Immunoglobulins (Igs): Also called antibodies, are present in the secretions of all lactating species and include colostrum and milk. The biological function of milk Igs is to give the offspring an immunological protection against microbial pathogens and toxins and to protect the mammary gland against infections. Colostral immunoglobulin preparations are commercially available in many countries and some colostrum based products are marketed for humans as dietary supplements. Clinical studies are in progress to evaluate the potential of immune milk products as preventative treatment for various microbial infections in humans, especially those caused by antibiotic resistant bacteria and helicobacter pylori, the causative agent of chronic gastritis.

 Cancer Prevention: Some studies have suggested that the increased intake of calcium and lactose from dairy products may help to prevent ovarian cancer.

 Muscle building and weight loss: Milk is a great source of natural, high quality protein. Maintaining a healthy amount of muscle is important for supporting metabolism, body maintenance and contributing to weight loss. A diet that is sufficient in protein is needed to preserve or increase lean muscle mass. Dairy proteins support muscle growth and repair. According to a recent analysis, over 20 clinical trials suggested that an increased milk intake can boost muscle mass and strength during resistance exercise in both younger and older adults.

Osteoarthritis: Knee osteoarthritis currently has no cure but researchers say drinking milk every day has been linked to reduced progression of the disease.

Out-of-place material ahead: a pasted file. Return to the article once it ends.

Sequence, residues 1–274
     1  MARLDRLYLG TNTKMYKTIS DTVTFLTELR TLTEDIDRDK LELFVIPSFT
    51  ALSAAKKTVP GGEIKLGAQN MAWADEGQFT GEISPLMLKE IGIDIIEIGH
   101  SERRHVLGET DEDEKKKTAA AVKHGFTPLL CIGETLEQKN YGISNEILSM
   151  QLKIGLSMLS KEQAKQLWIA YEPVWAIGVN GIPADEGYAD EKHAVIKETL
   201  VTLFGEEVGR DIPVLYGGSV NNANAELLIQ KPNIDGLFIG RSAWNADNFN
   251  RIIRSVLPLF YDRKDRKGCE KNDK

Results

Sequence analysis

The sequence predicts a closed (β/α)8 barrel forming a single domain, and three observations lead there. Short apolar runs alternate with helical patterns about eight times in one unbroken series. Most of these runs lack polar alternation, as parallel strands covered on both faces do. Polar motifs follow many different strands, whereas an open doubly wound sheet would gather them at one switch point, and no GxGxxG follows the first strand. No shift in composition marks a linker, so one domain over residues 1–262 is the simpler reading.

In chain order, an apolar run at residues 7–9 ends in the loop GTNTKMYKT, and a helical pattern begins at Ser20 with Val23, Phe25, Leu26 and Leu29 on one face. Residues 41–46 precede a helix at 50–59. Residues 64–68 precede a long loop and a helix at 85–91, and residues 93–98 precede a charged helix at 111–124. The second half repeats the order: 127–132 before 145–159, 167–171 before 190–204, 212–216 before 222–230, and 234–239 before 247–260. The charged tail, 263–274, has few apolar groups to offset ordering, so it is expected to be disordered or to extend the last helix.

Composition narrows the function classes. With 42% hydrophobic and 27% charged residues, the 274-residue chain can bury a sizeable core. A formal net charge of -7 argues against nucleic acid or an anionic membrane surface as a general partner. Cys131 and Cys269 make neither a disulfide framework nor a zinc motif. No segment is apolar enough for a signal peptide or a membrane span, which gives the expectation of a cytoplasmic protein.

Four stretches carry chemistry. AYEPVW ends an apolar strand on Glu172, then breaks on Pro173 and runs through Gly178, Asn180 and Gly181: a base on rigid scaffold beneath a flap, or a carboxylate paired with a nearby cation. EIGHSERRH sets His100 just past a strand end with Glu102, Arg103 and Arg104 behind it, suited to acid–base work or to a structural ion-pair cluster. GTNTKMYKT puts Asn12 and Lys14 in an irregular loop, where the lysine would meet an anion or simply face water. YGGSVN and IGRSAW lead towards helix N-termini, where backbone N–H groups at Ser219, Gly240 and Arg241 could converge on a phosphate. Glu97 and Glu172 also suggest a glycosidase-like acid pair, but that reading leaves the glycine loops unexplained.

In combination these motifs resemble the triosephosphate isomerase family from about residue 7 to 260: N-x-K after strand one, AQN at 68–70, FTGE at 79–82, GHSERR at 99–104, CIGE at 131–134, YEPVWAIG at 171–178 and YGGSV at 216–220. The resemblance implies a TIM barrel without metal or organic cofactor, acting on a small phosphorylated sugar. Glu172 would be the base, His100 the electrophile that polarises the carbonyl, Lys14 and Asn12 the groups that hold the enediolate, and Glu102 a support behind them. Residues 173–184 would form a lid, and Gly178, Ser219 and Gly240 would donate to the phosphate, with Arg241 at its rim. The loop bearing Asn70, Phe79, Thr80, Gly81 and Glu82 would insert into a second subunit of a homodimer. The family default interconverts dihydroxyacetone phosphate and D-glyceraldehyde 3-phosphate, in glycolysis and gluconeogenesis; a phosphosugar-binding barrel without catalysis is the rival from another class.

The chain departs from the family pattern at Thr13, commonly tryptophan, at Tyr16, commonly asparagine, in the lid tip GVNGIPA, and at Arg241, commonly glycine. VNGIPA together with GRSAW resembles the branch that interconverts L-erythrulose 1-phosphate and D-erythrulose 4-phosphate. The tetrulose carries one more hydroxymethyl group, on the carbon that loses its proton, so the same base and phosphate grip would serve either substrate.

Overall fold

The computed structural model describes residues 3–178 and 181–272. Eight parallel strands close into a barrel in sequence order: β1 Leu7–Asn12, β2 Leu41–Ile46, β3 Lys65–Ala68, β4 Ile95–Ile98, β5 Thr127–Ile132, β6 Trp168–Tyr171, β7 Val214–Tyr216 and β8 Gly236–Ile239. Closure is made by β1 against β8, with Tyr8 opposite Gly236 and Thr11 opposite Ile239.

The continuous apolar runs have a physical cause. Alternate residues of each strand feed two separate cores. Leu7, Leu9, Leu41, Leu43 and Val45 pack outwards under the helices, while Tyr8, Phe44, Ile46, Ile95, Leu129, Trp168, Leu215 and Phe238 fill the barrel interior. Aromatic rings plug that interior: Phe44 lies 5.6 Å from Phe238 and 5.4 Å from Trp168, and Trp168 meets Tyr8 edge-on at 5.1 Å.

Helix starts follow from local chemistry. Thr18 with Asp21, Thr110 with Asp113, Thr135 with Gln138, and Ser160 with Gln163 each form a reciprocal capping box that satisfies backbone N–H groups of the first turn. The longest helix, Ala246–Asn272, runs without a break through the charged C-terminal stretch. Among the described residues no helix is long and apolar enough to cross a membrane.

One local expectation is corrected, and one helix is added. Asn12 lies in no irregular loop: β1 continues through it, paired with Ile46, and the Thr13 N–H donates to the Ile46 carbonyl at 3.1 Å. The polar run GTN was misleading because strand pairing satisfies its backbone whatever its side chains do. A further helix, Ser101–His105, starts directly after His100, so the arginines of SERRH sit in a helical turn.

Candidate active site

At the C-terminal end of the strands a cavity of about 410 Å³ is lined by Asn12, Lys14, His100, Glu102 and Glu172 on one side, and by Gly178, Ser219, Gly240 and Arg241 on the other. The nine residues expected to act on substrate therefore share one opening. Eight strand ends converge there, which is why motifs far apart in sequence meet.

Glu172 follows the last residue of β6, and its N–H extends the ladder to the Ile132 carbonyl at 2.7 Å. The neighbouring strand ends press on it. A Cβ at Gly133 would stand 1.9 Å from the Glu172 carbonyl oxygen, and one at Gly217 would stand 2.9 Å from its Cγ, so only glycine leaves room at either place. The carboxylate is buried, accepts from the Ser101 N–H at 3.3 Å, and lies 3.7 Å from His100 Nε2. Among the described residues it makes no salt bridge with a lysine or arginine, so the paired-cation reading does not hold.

So there is no reason to not enjoy milk as a part of a balanced diet and healthy lifestyle!


Celebrating Milk – World Milk Day

Dairy being one of the world’s most amazing super foods, it is heartening to note that its huge benefits have been reiterated and recognised each year through the celebration of World Milk Day. Initiated by the Food & Agriculture Organization (FAO) of the United Nations in 2001, the intent behind World Milk Day was to celebrate all aspects of milk; its natural origin, nutritional value, the numerous dairy products as well as its economic importance in the entire food chain which actively encourages milk consumption.

With celebrations across several countries on the occasion, World Milk Day is the perfect opportunity to promote the role of milk in a healthy and balanced diet. Representing some 194 member nations, FAO’s focus on milk supports its mandate to raise levels of nutrition the world over. All these facets of milk are celebrated in many countries across the world, and the number and activities are increasing each year. The fact that more than 50 countries including Malaysia, Colombia, Romania, Germany, UAE and India choose to do this lends additional importance to individual national celebrations as well as shows that milk is a global food. In fact the 15th World Milk Day was celebrated on June 1st of 2015 and the spectrum of activities reaffirmed the goodness of milk in all its forms.

The International Dairy Federation (IDF) and its members work together to promote activities taking place globally on and around this day — a variety of promotional activities are launched on its website as well. Similarly, in South Africa, various NGOs, private and government health organisations including South African Milk Processors’ Organization (SAMPRO) organise communication programmes promoting nutritional advantages of milk. Elsewhere, free milk distribution camps are organised. Discussions, quiz competitions, sports activities and essay-writing are also organised in schools, colleges, and universities.